Susan Deierling, Assoc. Broker
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Tag Archives: Fed Minutes
The Federal Reserve released its October Federal Open Market Committee (FOMC) meeting minutes last week, revealing a Fed in disagreement about the future of the U.S. economy and about what, if any, stimulus may be warranted in the next 12 months.
The “Fed Minutes” recaps the conversations and debates that transpire during an FOMC meeting, and is published 3 weeks after the meeting adjourns.
According to the October minutes, FOMC members “generally agreed” that a housing recovery is under way nationwide, citing increased housing prices, higher sales volume, and rising construction in many parts of the country.
FOMC members made no major policy changes at their last meeting, but agreed that a continuation of additional asset purchases would likely be necessary in 2013, in order to achieve a substantial improvement in the labor market.
Other notes from within the Fed Minutes included:
- On housing: Signs of improvement are “encouraging”, and mortgage rates are at historic lows
- On inflation: Essentially “unchanged”, notwithstanding recent increases in energy prices
- On Europe: Production indicators signal contraction in business activity and expansion
- On employment: Employment is rising, and unemployment remains high
The economic forecast prepared by the FOMC staff shows an uptick in consumer spending, residential construction, and labor market conditions which more than offset recent downgrades in the business fixed investment and the industrial production outlooks.
Through 2013, economic activity is projected to accelerate gradually, supported by a lessening in fiscal policy restraints. The Fed also anticipates that Cottonwood home buyers will benefit from looser credit standards.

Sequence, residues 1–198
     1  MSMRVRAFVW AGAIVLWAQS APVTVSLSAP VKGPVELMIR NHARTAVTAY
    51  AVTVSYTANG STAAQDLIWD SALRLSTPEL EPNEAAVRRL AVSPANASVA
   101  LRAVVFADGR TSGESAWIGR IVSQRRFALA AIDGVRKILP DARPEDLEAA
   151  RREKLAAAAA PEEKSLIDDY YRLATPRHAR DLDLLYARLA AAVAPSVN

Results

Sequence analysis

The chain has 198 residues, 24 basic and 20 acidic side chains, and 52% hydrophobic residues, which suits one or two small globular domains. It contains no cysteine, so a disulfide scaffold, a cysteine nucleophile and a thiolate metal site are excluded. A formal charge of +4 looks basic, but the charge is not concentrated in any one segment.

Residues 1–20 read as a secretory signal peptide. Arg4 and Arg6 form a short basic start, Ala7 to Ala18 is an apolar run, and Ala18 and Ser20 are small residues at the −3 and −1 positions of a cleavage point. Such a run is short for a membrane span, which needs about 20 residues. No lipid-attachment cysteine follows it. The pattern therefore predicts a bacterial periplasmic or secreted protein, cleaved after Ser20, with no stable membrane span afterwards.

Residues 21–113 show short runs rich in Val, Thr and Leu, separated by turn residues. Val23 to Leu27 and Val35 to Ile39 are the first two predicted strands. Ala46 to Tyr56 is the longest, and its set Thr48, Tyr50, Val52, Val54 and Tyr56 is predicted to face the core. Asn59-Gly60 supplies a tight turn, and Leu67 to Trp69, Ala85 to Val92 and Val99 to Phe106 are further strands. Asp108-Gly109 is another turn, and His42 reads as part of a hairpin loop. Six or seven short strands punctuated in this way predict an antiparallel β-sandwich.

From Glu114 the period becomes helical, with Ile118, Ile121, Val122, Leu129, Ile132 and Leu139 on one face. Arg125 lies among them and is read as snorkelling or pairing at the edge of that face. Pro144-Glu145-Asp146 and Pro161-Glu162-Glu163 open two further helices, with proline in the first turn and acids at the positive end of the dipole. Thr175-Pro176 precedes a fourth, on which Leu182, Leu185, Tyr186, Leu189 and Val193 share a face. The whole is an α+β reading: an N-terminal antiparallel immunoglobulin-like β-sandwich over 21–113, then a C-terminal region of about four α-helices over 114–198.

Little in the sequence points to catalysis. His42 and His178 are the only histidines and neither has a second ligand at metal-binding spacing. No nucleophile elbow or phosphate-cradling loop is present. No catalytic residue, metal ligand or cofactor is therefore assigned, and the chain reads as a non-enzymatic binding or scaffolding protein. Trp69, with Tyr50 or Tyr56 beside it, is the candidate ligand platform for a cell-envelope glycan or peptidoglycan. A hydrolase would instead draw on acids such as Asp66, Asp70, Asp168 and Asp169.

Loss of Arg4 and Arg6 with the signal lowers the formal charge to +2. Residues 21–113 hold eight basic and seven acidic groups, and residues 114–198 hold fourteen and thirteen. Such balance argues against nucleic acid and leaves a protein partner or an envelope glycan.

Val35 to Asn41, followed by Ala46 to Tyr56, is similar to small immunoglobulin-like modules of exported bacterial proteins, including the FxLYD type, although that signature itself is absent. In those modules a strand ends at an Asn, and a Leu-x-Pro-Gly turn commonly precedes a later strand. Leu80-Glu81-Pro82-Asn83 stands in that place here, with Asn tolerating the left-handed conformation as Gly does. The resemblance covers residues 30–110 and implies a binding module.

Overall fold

Low mortgage rates are helping home buyers, too.
According to Freddie Mac, the average 30-year fixed rate mortgage rate was 3.34% last week, down from 3.55% in September. This has given a boost to buyer purchasing power nationwide and the year-end housing market may reflect it. Demand for homes remains strong.
The next FOMC meeting is scheduled for December 11-12, 2012.
The minutes from the Federal Reserve’s September Federal Open Market Committee meeting were released Thursday.
The Fed Minutes detail the discussions and debates which shaped the central banker’s launch of its third round of qualitative easing since 2008. The minutes also give Wall Street insight into future monetary policy.
Despite its large word count, there was very little that was new or surprising in the Fed Minutes, though. This is because, since the Fed’s last meeting, Federal Reserve Chairman Ben Bernanke has publicly clarified and re-iterated the Fed’s positions on employment, housing and inflation.
The minutes provide a strong backdrop to his comments, however.
For example, with respect to the jobs market, Fed members deemed employment “disappointing”, noting that growth in payrolls has been slower in 2012 as compared to 2011, and that the expansion rate of today’s job market is too slow to make significant progress against the national unemployment rate.
The Fed Minutes also included the following notes :
- On housing : Further improvement is occurring, albeit from a “depressed level”
- On inflation : Risks appear “tilted to the downside”, but energy costs pose risks
- On Europe : A “slight improvement”, but still a risk to global economic activity
Of greatest interest to home buyers in Cornville and rate-shopping refinancers, though, was the Fed’s discussion of its QE3 program. The program was introduced to help suppress mortgage rates nationwide which, the Fed believes, will make “broader financial conditions” more accommodative.
The Fed plans to purchase $40 billion in mortgage-backed bonds monthly for a “considerable” period of time after the U.S. economy has already shown signs of full recovery and, since the launch of QE3, 30-year fixed rate mortgage rates are down 19 basis points to 3.36% nationwide, on average.